Is glitter biodegradable? (Understanding the microplastic problem)

In the brief review we will discuss the biodegradability aspects of glitters. We will answer the question ‘is glitter biodegradable?” with more insights into its material property and what factors decide its biodegradability nature. We will further discuss its recyclability issues and know if it is a type of plastic waste. 

Is glitter biodegradable? 

No, glitters are microplastics and are not biodegradable. Similar to all other plastic materials, glitters are not decomposed or biodegraded by naturally occurring microorganisms. The result is that they end up in our ecosystem in their original form and stay unaltered for thousands of years. 

With their versatile use in crafts, decorations, make ups, and paintings, the use of glitters has become a part of one’s job requirements. Each glitter has their own specific use and cannot be reused for other purposes such as a glitter used for nails cannot be used for makeup as it may cause harm to skin. 

Thus, use of different forms of glitter adds to the imbalance of our environment. To find an alternative solution is the need of the hour and with the availability of biodegradable materials such as cellulose, leaves, and lentils, we can still make our own eco-friendly glitter. 

What makes glitter non-biodegradable? 

The presence of plastic as the main raw material for making glitter is what makes the glitter non-biodegradable. Of the available variety of glitters that we use today many are made up of plastics, metals or even glasses. The metallic coated plastics are cut into tiny pieces to make the sparkling glitters. 

In another version some glitters are coated with aluminum, titanium dioxide, and iron oxide that gives them the shiny and sparkling appearances. Following are a list of different types of glitters available and what they are made up of. 

  • Metallic glitters: Plastic base colored with metallic color to reflect light. 
  • Holographic glitters: Plastic base coated with holographic coating.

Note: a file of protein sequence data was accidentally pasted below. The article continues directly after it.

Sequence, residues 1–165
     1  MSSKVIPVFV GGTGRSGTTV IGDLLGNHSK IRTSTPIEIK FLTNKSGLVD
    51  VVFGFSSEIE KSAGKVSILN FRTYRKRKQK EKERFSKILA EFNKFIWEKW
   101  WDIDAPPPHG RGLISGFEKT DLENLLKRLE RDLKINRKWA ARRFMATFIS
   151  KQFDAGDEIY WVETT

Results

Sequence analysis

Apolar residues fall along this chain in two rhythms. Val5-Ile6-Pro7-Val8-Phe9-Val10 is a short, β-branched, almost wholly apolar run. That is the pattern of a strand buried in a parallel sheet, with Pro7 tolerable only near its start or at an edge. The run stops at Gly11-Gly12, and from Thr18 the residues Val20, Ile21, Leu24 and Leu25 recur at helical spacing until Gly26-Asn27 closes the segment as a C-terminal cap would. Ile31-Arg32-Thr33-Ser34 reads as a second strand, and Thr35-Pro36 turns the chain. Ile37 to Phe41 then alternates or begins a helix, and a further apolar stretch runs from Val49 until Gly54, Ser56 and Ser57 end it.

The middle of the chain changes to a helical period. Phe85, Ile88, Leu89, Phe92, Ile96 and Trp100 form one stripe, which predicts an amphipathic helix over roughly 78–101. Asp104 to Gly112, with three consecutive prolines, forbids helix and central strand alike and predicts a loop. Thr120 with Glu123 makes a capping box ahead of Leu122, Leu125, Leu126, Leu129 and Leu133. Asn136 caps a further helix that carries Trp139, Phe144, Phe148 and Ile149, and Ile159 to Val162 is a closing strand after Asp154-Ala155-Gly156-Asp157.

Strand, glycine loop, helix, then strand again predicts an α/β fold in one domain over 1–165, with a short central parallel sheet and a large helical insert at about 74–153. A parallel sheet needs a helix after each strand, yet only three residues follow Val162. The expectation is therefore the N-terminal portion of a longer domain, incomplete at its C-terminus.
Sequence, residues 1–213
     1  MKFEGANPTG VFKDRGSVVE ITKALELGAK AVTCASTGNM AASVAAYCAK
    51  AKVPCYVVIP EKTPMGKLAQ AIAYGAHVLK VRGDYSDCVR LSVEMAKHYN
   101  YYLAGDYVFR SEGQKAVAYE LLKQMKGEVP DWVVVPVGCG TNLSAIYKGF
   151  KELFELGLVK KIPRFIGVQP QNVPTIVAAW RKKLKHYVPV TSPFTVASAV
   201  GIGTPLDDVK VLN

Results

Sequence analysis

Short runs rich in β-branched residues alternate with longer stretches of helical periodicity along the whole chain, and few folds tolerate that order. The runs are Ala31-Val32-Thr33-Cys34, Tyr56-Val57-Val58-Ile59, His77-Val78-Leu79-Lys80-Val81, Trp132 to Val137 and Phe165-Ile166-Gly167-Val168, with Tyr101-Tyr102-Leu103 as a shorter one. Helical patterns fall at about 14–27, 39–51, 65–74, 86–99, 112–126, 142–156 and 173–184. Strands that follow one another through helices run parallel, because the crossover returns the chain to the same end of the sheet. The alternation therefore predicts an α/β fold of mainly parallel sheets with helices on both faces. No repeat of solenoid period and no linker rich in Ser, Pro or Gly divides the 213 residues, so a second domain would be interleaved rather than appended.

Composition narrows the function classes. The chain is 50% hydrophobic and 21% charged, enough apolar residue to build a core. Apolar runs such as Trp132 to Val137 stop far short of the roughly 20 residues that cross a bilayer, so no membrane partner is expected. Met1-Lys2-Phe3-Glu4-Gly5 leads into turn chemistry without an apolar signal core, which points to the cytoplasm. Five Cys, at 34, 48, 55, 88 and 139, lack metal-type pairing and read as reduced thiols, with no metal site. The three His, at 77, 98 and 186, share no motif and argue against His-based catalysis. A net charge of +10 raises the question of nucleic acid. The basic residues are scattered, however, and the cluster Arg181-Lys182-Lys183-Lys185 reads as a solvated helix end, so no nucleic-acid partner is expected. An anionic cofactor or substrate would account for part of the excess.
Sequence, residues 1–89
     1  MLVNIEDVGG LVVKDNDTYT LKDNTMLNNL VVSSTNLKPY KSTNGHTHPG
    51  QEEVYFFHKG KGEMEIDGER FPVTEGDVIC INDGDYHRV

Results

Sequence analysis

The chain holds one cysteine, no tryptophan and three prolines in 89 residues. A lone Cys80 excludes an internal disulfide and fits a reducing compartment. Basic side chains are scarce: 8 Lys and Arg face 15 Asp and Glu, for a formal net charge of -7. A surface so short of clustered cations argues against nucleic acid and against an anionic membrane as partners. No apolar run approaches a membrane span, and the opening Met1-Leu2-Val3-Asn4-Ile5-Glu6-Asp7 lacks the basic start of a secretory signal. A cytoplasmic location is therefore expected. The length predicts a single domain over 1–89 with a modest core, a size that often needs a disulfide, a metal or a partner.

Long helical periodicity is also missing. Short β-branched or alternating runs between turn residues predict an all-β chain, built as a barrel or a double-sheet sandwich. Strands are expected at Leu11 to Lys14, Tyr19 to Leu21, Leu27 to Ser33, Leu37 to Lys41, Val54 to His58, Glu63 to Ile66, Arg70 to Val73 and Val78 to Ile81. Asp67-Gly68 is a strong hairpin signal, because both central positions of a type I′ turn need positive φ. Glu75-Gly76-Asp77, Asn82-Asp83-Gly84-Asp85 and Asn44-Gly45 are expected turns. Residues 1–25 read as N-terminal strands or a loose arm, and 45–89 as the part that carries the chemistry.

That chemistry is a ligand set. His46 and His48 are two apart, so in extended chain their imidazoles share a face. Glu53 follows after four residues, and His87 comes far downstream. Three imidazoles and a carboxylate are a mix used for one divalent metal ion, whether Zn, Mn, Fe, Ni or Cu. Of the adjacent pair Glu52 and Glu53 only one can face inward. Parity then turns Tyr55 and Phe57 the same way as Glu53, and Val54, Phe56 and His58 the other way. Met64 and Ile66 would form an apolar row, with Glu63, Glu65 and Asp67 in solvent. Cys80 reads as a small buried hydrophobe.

• Iridescent glitters: Plastic base coated with color that reflects only one type of color. 
  • Gem powders: Made with plastic and aluminum and used for makeup purposes. 

As can be seen from the above list of glitters, plastic is used as the main base material in the making of glitter which is non-biodegradable. As it is a known fact that the naturally available microorganisms are unable to degrade plastics or microplastics, glitter stays around for a long time like the plastic wastes. 

Recyclability issues with glitter 

Glitters being very tiny microplastics are hard to collect once it is spread over the floor. Hence, its recyclability is an issue which needs to be addressed. However, for those who are ardent fans of glitter, there are other ways by which they can use it by giving it zero chance to disperse on the land. 

One way to use it is by decorating permanent objects in your house like a flower vase, show pieces or on your favorite dress. It will be there forever without flying off to the surroundings and you still get your glitter friend with you. 

Another way is to mix glitter with clay and make your favorite figurines, pendants, and ornaments with it. Once the clay is baked at high temperature, the glitter stays there forever, and you get shining DIYs made from clay. 

Is glitter another form of plastic pollution? 

Yes, glitters are tiny microplastics and are a cause of pollution just like any other plastics that end up in landfill or aquatic systems. Being very tiny, it easily escapes the earth’s filtration system and ends up in underground water. 

These microplastics even cause hazardous effects to aquatic animals as fishes engulf these microparticles misunderstanding it for food. The glitters that we use for makeup, party poppers or in confetti are spread over by wind or washed away with water. 

Imagine the tremendous effect needed to collect it, and so, many go for an easy solution that is to let it stay there over a long period which then eventually be taken up by wind or washed away with water. In either case they are just dumped out for nature to take care of it. 

Glitters that end up in rivers or ponds have been shown to cause severe effects to its natural habitat. The number of microscopic algae or pond plants are greatly affected by the accumulation of glitter waste. This in turn deplete the water of its oxygen which adversely affects the water animals. 

As we are aiming for a plastic free environment, it is necessary to deal promptly with all plastic related issues. This can happen only if people start showing a positive approach in controlling the use of plastic material and support the most eco-friendly material. 

Biodegradable alternatives to plastic glitters 

Biodegradable glitters are the one that is made from naturally occurring materials such as plants and would degrade in a short time by the environmental conditions and activity of microorganisms. But are we sure that the products advertised as biodegradable glitters are literally biodegradable? 

While most of these glitters are marketed as biodegradable, the fact is that they still contain some of the plastic materials and metal coating to give the shiny appearance. Some products have bioplastic which gives a feeling that it is biodegradable, however, these bioplastics are also not completely bridgeable until it goes through an industrial composting system which is at present in its dormant state.